How did the temples come into existence? From what do they derive authority for their sanctity? What is it that invests the minds of millions of devotees who behold the gopuram with a sense of reverential awe and piety? The temples derive their authority from the several South India Aagamas. The deities installed in them are sanctified through Vedic Hymns. Vedattin mandirattal ven manalum Sivamahi (வேதத்தின் மந்திரத்தால் வெண்மணலும் சிவமாகி) - the white sands of the river bed raised to the dignity of Godhead by being sanctified by Veda mantras. Those who sanctified these deities were persons who strictly adhered to the prescribed observances, like niyama, aachara, aahara, and dhyaana. They dedicated and offered the fruits of their rigorous penance to the deity installed in the temple, and thus sanctified the image of God. They did this, not for their individual benefit, but with the object that the deity so sanctified may bestow grace on the worshipping public. Thus the Vedas, the spiritual life that they ordain, and the holy men who exemplified that ideal in their lives, constitute the very basis of the temple, not merely as a structure in brick and mortar, but as a religious institution making for the spiritual education of the people. The Archaeological Department spends time and money to study and explain the architectural and other external features of temples. But hardly any thought is bestowed on the ultimate basis of the temple institution, namely, the Vedas.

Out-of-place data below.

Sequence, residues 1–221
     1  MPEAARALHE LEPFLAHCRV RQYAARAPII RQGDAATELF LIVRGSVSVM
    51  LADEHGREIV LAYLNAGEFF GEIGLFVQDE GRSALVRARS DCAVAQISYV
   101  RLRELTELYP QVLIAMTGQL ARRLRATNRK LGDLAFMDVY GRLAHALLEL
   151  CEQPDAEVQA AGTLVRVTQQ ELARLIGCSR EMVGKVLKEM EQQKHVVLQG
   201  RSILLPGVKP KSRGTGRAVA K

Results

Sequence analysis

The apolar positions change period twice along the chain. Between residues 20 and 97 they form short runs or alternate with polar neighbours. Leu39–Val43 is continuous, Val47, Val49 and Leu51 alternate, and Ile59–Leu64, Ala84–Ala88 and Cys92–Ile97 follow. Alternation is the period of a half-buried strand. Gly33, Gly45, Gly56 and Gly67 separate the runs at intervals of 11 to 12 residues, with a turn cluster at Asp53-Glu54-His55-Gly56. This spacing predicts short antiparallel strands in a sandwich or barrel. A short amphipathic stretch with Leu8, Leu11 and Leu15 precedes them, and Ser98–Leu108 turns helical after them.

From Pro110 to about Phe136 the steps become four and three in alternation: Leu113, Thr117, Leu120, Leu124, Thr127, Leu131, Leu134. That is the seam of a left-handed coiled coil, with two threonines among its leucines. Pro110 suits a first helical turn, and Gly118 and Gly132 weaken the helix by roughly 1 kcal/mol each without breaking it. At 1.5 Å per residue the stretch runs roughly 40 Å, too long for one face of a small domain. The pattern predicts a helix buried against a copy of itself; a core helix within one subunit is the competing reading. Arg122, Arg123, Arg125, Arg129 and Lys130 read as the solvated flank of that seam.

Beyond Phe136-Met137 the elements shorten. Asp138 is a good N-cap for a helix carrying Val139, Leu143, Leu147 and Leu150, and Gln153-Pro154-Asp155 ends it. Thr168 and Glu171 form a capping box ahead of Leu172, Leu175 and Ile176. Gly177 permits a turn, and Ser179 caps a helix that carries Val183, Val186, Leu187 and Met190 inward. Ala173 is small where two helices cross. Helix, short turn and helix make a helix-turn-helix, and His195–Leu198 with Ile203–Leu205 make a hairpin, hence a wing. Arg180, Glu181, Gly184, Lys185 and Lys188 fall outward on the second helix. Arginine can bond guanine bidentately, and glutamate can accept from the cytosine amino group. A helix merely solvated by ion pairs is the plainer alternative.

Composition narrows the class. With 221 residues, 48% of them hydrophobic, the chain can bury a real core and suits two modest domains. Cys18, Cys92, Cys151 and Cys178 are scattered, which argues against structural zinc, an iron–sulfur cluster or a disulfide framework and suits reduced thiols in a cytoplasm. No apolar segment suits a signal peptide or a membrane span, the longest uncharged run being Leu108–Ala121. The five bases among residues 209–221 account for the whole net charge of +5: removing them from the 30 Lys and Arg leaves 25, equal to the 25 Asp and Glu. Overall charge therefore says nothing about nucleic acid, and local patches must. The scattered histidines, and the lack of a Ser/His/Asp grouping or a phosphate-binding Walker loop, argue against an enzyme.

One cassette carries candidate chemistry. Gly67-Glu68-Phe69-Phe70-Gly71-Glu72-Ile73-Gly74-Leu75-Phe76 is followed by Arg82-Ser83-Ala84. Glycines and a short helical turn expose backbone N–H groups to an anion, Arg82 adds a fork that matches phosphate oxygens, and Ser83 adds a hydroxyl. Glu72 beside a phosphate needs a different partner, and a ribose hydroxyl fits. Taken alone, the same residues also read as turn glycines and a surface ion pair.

The Vedas are the roots of all Dharmas—Vedokhilo dharma moolam (वॆदोऽखिलो धर्ममूलम्). If the roots of a tree are exposed, the tree withers and dies. The Vedas are the hidden source of strength for everything. But, what are we doing to preserve this source? In South India, Kerala ranks first in the matter of Vedic studies. This is because the Upanayanam of a Namboodiri Brahmin is performed in his seventh year and within the next five or six years, he is made to master his branch of Veda. During this period the Namboodiri boys lead a life of rigorous discipline wearing only a loin cloth and sleeping on a deer skin. The present Chief Minister of Kerala, Sri Sankaran Nanbudiripad, is said to have undergone such a course of study. The next place in the matter of Vedic studies goes to the Telugu region. The encouragement for Vedic studies was provided by annual examination and Vidvat Sadas, held at Vijayawada during Navaraatri. Scholars were honored with cash presentations on this occasion and also given certificates testifying to their scholarship. These scholars used to return to their homes on foot, and en route, grihasthas, to whom they showed these certificates, also gave them generous gifts. At every marriage an amount was earmarked for making presents to Vedic Scholars. Tamil Nadu ranks third in Vedic studies. Now-a-days not many among us are devoted to Vedaadhyaana. We are exchanging landed properties for university diplomas.